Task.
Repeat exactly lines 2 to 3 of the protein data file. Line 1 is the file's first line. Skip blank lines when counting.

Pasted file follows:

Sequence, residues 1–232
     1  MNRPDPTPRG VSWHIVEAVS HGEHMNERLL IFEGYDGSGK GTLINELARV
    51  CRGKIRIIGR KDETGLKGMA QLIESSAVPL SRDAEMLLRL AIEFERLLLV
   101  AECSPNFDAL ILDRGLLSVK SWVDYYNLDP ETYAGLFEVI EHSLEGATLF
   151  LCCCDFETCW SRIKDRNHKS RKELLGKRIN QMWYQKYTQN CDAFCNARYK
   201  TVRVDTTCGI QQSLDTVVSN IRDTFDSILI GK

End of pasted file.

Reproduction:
     1  MNRPDPTPRG VSWHIVEAVS HGEHMNERLL IFEGYDGSGK GTLINELARV
    51  CRGKIRIIGR KDETGLKGMA QLIESSAVPL SRDAEMLLRL AIEFERLLLV